Encourage others to start talking and gain control of their bladder health!  We've made it simple for you to share National Bladder Health Week news, resources, tips and tools with your friends, family and healthcare providers.  We have a variety of  simple activities you can choose from to promote awareness of bladder health.  They are cut and paste one of the sample newsletter or emails below.

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NAFC is a non-profit offering resources for #incontinence, #bladderleakage, bedwetting, OAB, SUI, nocturia, neurogenic bladder, and pelvic floor disorders.


Learn about intermittent self-catheterization (IC), a safe procedure that can help bring your urinary symptoms under control.


Intermittent self-catheterization (IC) is a safe procedure that can help bring your urinary symptoms under control. Many people self-catheterize and report that it has improved their quality of life. It will allow you to completely empty your bladder at regular intervals, protect your kidneys from infection and damage, lower the risk of distending (i.e., stretching) the bladder, and eliminate the need for wearing a continuously draining catheter.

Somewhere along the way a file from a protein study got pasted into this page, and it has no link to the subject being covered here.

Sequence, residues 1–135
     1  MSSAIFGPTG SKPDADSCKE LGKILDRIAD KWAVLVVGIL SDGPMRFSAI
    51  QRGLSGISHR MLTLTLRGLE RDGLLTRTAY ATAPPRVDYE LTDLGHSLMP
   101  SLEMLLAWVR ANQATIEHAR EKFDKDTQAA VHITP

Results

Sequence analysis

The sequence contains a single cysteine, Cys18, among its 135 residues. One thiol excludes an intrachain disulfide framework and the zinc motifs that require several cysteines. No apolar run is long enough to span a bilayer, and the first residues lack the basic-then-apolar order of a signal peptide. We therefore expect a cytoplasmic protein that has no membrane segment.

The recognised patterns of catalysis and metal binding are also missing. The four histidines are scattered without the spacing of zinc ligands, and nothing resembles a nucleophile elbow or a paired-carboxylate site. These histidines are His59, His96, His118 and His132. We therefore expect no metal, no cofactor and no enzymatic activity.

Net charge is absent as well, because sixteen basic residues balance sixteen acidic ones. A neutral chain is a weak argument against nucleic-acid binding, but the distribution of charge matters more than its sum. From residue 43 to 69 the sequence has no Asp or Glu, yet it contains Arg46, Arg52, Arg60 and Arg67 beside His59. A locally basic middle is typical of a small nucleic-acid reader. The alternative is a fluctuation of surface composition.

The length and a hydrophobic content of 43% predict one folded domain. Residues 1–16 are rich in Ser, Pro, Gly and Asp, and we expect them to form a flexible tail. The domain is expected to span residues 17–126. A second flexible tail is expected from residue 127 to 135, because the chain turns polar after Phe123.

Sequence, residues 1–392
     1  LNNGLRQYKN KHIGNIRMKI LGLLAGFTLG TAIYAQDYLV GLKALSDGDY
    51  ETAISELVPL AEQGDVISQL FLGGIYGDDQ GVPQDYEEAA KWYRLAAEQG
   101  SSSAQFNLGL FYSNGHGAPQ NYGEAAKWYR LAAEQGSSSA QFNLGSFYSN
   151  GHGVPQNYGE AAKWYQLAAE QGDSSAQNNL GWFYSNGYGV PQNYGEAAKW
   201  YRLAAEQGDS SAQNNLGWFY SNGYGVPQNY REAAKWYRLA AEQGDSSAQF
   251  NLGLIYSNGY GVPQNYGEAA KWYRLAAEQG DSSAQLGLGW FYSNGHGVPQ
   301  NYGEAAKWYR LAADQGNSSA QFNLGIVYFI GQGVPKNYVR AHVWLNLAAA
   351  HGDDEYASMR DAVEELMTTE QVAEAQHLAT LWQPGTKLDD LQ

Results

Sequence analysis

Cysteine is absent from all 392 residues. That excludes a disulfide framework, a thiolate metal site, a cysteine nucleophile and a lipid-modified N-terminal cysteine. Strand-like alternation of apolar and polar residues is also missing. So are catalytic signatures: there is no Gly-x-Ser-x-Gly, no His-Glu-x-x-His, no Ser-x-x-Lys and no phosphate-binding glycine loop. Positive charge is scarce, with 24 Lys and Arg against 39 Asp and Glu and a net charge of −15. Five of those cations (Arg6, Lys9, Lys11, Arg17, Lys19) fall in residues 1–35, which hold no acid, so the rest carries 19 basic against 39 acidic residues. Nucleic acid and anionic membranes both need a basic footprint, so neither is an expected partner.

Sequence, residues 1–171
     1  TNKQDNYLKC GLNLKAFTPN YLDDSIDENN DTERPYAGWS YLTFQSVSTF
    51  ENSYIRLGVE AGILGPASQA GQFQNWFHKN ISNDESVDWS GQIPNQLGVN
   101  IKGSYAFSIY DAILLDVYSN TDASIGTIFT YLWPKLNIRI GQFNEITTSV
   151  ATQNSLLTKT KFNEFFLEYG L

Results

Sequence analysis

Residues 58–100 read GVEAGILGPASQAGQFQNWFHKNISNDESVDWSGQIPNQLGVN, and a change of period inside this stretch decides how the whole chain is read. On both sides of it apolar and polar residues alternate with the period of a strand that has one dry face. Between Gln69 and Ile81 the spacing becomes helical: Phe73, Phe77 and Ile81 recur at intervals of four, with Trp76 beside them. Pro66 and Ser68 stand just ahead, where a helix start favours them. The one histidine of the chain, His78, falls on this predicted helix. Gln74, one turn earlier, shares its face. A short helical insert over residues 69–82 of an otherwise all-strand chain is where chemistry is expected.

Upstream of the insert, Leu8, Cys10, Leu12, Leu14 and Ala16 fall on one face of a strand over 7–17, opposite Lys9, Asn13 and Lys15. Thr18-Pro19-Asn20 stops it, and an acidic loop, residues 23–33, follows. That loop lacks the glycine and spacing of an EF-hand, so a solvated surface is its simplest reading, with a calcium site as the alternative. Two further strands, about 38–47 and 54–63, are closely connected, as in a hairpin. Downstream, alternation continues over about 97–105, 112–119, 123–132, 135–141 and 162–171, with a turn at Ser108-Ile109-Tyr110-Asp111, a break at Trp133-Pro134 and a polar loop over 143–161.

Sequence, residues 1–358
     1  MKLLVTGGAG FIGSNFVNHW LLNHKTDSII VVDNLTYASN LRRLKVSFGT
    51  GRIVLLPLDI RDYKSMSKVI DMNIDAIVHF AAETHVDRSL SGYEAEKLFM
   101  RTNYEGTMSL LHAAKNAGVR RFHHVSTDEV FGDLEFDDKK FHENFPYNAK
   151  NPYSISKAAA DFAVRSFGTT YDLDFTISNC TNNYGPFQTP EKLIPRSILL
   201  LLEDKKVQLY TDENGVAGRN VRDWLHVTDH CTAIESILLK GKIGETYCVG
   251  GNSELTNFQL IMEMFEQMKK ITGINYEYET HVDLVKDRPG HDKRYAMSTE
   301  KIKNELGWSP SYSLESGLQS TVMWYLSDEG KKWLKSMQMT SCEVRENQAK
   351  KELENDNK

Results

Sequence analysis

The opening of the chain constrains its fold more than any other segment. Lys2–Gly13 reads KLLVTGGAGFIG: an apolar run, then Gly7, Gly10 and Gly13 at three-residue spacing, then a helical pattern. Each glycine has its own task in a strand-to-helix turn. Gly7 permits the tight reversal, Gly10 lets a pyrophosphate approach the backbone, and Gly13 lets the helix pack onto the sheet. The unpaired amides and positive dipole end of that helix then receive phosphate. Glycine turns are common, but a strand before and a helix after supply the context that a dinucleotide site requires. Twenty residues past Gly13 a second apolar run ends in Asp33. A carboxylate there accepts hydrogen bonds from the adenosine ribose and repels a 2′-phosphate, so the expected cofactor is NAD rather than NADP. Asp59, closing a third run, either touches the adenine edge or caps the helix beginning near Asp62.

If you have been told that you need to do intermittent self-catheterization, it is because your bladder does not empty completely, or maybe it doesn't empty at all. A healthcare provider must prescribe the catheter.

Catheters for intermittent catheterization are soft and designed for easy and safe use. They are made from several different materials and have polished eyelets and round, smooth tips for easy insertion. Some are hydrophilic that become slippery when water is applied to the surface of the catheter for ease in insertion. Catheter lengths differ for men versus women because of the relative difference in length of urethras.

Being told you need to use a catheter can be intimidating, but with a little practice, you'll be able to manage the process in no time. 

For a complete guide on self catheterization, see our videos for both men and women in the NAFC Learning Library.